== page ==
We were hoping for raptors, but the weather was not cooperating, although we saw a few Verreaux’s Eagles as several pairs nesting in the gorge. Rock Martins and Red-winged starlings were also present. I have to commend Ross, Serena and Duncan – they managed to get the whole group up to the lookout, sometimes virtually carrying the few who cannot walk or climb easily. We had tea/coffee, biscuits and muffins with a magnificent view.

On the way home, Eve discovered a kindred spirit in Ross and Duncan, and we stopped to look at some rare plants, and everyone got the photos they wanted.

One’s memory gets a bit hazy, but that afternoon (or it may have been the next), we were treated to a Bennett’s Woodpecker right next to the dining room, where we all had excellent views, and I’m sure Crystelle got some good pictures. (Thanks for spotting it, Crystelle). One of our trip’s defining features was that we got close and had excellent views of most birds we were lucky to spot.

Fed and watered, we headed out that evening to Rietbok Pan. We saw many White-backed Vultures and Tawny Eagles on the way there. At the pan, there were White-crowned Lapwings, Goliath Heron, Squacco Herons and the usual gyppos, spurrings, Three-banded Plovers, White-faced Ducks, Hamerkop etc.

Bearded Woodpecker

On our last morning, we drove back through the forest and had our coffee/tea on the banks of the Limpopo River, where we took our group photo. We saw African Fish Eagles, heard the Gorgeous Bushshrike, saw Crested Barbet, mousebirds, Kori Bustard, Namaqua Dove, Black-crowned Tchagra and a few others.

As we were in two vehicles, we did not all see the same birds, but the count for the weekend was around 120, with some lifers for most of us. A few of us were very lucky once we left Pafuri to continue our journey through Kruger National Park. At the bridge over the Luvuvhu River, where we saw the leopard, we spotted the Green-capped Eremomola, which had eluded us at the camp.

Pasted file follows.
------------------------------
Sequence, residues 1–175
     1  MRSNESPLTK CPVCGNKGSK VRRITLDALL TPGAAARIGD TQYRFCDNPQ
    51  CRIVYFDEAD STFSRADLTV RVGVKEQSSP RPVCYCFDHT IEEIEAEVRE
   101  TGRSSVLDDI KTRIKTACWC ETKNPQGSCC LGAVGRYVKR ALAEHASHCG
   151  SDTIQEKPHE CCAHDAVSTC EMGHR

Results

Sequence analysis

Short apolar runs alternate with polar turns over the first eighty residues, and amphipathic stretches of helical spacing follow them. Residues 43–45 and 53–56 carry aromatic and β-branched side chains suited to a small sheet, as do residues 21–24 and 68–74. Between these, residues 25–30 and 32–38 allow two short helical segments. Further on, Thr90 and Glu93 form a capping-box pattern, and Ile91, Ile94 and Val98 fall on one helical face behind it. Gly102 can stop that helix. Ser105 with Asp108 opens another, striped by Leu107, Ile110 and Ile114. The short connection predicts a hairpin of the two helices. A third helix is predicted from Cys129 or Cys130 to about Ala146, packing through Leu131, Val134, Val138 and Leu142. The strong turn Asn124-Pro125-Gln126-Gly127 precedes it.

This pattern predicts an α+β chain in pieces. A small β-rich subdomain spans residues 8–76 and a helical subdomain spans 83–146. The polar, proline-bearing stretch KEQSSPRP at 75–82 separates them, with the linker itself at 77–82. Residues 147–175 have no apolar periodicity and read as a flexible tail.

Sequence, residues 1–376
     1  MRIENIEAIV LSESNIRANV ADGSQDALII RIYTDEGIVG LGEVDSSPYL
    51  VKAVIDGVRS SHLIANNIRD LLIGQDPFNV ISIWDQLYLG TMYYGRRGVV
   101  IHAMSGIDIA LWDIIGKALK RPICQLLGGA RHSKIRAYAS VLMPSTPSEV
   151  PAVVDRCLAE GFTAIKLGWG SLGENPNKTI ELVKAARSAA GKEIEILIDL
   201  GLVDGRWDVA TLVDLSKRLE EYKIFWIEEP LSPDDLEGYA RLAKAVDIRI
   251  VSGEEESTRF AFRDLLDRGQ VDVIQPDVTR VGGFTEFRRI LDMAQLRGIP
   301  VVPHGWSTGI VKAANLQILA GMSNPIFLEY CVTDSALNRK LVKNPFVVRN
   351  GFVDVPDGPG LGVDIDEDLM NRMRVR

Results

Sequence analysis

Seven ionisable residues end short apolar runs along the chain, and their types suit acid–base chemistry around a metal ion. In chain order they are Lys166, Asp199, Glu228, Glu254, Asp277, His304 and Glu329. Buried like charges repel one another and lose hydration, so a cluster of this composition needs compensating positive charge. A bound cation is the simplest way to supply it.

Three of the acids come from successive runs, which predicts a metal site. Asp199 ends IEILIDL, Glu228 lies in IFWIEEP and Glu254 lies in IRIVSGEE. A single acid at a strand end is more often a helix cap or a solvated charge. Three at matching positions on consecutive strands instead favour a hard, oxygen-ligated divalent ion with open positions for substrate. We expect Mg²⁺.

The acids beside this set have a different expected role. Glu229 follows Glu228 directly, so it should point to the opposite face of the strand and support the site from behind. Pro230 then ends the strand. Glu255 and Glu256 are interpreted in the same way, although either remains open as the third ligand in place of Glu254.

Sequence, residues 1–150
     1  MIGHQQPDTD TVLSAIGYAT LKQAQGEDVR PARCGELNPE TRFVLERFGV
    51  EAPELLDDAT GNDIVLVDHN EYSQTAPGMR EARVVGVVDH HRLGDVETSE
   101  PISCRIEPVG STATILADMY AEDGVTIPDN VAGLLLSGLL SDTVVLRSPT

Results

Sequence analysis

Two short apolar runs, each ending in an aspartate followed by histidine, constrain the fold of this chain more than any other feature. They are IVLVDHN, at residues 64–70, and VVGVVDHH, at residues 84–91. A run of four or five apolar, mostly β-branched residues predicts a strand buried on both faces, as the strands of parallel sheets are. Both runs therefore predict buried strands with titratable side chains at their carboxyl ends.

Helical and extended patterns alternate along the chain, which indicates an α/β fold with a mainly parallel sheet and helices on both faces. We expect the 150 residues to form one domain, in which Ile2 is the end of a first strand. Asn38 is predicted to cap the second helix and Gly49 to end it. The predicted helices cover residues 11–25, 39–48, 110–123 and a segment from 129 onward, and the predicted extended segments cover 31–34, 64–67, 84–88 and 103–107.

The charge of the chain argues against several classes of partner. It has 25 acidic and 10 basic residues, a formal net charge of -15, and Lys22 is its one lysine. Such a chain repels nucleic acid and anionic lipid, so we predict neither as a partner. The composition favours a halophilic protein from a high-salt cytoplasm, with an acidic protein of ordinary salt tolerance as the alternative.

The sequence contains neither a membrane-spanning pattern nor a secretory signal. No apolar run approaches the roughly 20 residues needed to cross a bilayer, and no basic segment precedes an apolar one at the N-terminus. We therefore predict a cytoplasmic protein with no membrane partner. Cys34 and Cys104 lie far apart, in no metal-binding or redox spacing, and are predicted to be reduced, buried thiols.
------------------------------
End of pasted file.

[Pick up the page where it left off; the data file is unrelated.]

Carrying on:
I wish to convey the Midlands bird club’s thanks to EcoTraining for allowing us to visit such a wonderful place. Ross and Duncan tried hard to find us the Arnot’s Chat and Racket-tailed Roller, but no joy. We hope we can return to Makuleke at a better time of the year when the migrants are there. However, it is boiling then!

We were very well looked after with the excellent spotting and knowledge of Ross and Duncan and spoilt by the rest of the camp staff.

Birding in the Bush l EcoTraining Courses

Birds of a feather flock together. Whether you are an advanced birder or beginner, we want you to spread your wings and join us on our 7-day Birding in the Bush course in the Northern Kruger National Park.

We will teach you the A-Z of birding on daily bush walks and game drives through the rich history of the Makuleke. This course enables birding enthusiasts to identify a great variety of species of birds by sight and sound and to also learn about their biology and ecology.

Are you interested to learn more about the EcoTraining Birding in the Bush course?
Have a read here:

About the Author: 

Sean Glynn – Chair, KZN Midlands Bird club

About the Author:
Picture of Sean Glynn

Sean Glynn

Explore more

students in nature with clipboards

Leading the Way to Higher Education in Ecotourism

Are you an aspiring nature guide looking to develop your skills and expertise? Look no further than EcoTraining, Africa’s leading safari and wildlife training institution. EcoTraining has achieved a groundbreaking milestone by becoming the first Guide Training School on the continent to receive accreditation from the Council for Higher Education (CHE) in South Africa.
Let us explain why this is such a significant achievement for EcoTraining and the Field Guiding Industry.

Read more
bee on lavendar plant

Why Bees are Important?

Daily we hear about animals whose population numbers are in decline, but did you know that the humble Bees numbers are also in decline and they too are at risk of extinction?

Read more
arrow-marked babbler

The Magic of the Morning Chorus

Imagine yourself early in the morning in the middle of the South African bush; the sun is just about to rise, and the wildlife begins to wake up. You close your eyes and listen. What can you hear?

Read more

Start your wildlife career

Want to become a field or nature guide? Explore our immersive courses and training programmes for professional safari guides and guardians of nature, taught and led by experts in the industry.

EcoTraining offers career and accredited courses, wildlife enthusiast courses, gap year programmes and customised group travel courses.

Join our nature-loving community.